Is Giving to HSUS an Efficient Use of Money?

Donors want their dollars used effectively. There’s only so much money that each person has budgeted for charity. So is the Humane Society of the United States deserving of animal lovers’ donations? We certainly don’t think so.

For starters, the American Institute of Philanthropy gives HSUS a “D” grade for high spending on fundraising and overhead and low spending on programs. This is similar to a finding from the animal rights newspaper Animal People.

But in terms of actual animal care, we looked a little closer. If you combine the revenue from HSUS and its affiliates (about $160 million) and divide by the number of animals HSUS claims to have provided some level of “care” for among its affiliates (about 100,000), we can determine that for every $1,600 donated to HSUS, only 1 animal will be given direct care.

Seem inefficient? We think so.

We looked around and tried to get a feel for how much good that money could do at a local shelter. The Michigan Humane Society—which cares for just as many animals as HSUS on one-tenth the budget—says it costs $156 to find a home for a dog or cat. So $1,600 with Michigan Humane Society would provide a home for 10 times as many animals as the same gift made to HSUS would provide (temporary) “care” for.

The Houston SPCA, meanwhile, has an even smaller budget ($7.8 million) but provided services for 100,000 animals and conducted 14,000 investigations in 2012. The Oregon Humane Society, on a budget of $9.2 million, adopted out 11,521 animals in 2011. The Nebraska Humane Society took in 17,000 animals on a budget of $9.4 million.

There’s an important distinction to make as well. Groups like the Oregon Humane Society run a pet shelter and incur all of the fixed and variable costs of doing so: Utilities, food, medicine, etc. The Humane Society of the U.S. doesn’t run a single pet shelter. It is not in the business of adopting out animals. And the animals it does rescue are generally turned over to a local group.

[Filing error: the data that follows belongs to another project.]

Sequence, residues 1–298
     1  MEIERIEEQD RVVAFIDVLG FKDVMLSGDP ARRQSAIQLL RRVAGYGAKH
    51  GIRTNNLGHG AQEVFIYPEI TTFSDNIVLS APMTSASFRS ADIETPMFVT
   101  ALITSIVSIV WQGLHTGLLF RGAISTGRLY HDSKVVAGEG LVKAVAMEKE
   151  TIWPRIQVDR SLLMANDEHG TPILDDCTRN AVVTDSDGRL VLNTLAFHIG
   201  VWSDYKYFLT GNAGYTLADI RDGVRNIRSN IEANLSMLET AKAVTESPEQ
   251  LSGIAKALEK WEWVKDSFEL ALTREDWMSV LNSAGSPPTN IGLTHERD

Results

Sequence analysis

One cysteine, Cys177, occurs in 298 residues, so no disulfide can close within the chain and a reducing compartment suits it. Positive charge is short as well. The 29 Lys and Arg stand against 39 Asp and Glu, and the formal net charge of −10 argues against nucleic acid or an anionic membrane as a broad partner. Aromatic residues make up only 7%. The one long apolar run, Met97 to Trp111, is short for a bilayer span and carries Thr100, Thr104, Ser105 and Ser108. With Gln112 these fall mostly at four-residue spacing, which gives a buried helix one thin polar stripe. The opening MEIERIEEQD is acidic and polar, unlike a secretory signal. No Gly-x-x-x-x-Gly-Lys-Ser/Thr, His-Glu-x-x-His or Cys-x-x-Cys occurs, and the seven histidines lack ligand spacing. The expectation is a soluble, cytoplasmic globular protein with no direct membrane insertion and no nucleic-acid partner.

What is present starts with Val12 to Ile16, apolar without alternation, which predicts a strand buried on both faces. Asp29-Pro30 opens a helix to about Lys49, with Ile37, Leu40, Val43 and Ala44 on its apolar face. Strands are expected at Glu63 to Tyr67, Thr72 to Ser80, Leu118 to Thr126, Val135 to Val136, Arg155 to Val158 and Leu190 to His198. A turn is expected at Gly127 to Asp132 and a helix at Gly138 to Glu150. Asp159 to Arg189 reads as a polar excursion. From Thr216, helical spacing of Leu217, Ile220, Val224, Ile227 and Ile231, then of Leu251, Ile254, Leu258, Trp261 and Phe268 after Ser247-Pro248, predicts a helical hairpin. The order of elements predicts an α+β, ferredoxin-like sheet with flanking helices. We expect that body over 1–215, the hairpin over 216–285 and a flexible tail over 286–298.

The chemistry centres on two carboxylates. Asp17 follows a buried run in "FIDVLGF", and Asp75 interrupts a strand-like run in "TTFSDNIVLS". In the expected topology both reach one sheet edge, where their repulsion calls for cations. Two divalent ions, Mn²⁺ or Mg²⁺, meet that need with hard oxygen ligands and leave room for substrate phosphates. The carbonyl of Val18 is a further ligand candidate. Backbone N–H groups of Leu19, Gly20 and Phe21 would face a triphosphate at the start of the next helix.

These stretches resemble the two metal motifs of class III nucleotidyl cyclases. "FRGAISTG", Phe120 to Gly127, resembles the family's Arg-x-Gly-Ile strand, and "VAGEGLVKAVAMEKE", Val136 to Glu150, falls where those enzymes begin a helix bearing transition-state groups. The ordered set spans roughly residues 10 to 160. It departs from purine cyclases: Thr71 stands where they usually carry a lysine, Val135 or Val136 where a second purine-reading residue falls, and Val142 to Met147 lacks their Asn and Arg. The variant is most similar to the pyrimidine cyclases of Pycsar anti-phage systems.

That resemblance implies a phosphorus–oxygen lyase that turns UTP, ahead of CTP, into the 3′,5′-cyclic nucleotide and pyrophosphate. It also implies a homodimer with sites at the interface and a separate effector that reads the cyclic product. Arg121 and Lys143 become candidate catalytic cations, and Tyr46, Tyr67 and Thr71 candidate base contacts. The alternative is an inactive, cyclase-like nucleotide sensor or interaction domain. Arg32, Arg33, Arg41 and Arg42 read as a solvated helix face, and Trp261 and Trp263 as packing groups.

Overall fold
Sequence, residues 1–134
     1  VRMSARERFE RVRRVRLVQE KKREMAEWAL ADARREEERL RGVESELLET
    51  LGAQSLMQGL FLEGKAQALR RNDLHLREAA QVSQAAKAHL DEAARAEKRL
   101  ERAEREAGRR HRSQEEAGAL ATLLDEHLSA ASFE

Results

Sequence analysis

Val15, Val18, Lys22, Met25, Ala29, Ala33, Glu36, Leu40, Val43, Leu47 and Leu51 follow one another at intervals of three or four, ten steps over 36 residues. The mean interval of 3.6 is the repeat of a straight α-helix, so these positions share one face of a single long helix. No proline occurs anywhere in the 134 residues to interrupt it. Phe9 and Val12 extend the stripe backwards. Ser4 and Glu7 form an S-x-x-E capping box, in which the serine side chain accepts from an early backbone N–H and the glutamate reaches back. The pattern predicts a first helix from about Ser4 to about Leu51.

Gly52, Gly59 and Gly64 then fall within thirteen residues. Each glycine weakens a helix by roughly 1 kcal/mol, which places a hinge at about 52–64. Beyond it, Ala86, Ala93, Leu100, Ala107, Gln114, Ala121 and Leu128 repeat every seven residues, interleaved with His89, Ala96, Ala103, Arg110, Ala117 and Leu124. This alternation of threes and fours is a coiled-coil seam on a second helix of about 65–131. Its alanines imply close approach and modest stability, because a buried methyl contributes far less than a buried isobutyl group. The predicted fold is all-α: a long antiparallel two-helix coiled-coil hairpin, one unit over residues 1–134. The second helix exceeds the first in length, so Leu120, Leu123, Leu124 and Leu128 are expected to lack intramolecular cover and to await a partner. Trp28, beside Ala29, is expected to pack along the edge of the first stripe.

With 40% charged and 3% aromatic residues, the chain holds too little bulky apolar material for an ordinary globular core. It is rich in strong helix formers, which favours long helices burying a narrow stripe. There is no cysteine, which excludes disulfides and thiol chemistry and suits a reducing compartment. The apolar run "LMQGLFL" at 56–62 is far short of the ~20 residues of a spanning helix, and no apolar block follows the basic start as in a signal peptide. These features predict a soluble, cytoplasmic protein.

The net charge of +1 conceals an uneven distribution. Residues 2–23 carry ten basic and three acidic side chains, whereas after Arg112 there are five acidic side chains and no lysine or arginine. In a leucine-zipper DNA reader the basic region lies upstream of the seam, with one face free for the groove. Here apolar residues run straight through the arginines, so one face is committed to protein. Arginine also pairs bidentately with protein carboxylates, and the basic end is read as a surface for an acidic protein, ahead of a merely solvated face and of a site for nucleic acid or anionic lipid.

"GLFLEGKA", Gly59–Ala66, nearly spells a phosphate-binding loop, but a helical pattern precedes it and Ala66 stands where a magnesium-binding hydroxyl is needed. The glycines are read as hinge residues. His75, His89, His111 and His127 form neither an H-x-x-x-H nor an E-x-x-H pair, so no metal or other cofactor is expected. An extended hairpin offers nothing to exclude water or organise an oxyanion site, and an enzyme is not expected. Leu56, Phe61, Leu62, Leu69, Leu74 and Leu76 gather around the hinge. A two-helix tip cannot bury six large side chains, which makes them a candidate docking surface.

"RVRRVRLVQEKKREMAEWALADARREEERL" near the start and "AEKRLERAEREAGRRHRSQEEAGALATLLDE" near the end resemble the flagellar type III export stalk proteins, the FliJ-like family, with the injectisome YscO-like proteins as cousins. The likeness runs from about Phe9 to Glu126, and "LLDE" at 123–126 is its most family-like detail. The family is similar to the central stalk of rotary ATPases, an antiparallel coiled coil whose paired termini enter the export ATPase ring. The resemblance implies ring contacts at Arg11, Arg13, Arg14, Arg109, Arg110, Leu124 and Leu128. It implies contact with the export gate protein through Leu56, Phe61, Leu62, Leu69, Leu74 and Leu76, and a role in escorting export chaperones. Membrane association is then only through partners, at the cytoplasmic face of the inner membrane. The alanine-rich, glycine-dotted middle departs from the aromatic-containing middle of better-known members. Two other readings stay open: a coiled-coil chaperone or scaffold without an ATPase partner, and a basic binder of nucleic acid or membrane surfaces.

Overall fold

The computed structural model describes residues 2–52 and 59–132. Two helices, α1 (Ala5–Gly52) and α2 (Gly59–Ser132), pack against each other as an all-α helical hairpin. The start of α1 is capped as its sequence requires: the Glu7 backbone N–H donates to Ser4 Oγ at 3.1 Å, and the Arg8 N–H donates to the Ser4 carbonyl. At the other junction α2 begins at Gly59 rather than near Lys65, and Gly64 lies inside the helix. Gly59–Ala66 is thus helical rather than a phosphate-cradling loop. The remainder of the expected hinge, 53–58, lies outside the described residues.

Donors should keep in mind that Best Friends states that it costs $13.50 per day for the cost of care and feeding per dog and $8.70 per cat per day, so $1,600 could go a long way with a local shelter (the average length of stay for animals differs from shelter to shelter). Millions of dogs and cats are euthanized every year due to lack of resources. And local groups are in a much better position to provide care for animals than HSUS, which doesn’t even run a shelter.

Posted on 05/08/2013 at 8:02 pm by Humane Watch Team.

Topics: Main


  • RickMeister

    The humane society here in Reno is a “no kill” facility and does really good work with limited funds. We recently adopted/rescued 2 related* dogs from the facility and they are wonderful. Since we are seniors and all fees were waived, we donated $50.00 to the facility.

    I recently read some scathing info about PETA being an “all kill” organization more interested in showing off with spectacles rather then good work for animals. I guess the lesson is stick with your local humane society and know what they do in the community for animals.

    * father/son or brothers from different litters, one is 2 years older than the other.

    • No kill can be torture for some animals – there was a fantastic documentary (long time ago think by Bush’s daughter) on a no kill shelter in upstate ny…. The dogs (agressive) that could not be placed (no one took the time it would take to retrain recondition them or find a great outdoor one dog home)… in cement floored, outdoor cages right next to each other. No houses, padding so on.. They spent their lives trying to attack each other (cages right next to each other with one wall of bars being the other sides.

      I have done animal rescues since a small child – which is worse, death or living death? Better to not over breed so on but this is reality.

  • Thanks for the info. I am going to be much wiser with my donations. I think from now on I will donate to my local shelters. Thanks again!!